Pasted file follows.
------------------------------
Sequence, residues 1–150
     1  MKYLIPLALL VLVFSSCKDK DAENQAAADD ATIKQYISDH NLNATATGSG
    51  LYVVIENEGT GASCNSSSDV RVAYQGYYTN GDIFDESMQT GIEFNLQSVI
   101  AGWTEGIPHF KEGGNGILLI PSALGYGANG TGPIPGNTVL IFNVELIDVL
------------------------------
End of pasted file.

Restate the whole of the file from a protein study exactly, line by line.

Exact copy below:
Sequence, residues 1–150
     1  MKYLIPLALL VLVFSSCKDK DAENQAAADD ATIKQYISDH NLNATATGSG
    51  LYVVIENEGT GASCNSSSDV RVAYQGYYTN GDIFDESMQT GIEFNLQSVI
   101  AGWTEGIPHF KEGGNGILLI PSALGYGANG TGPIPGNTVL IFNVELIDVL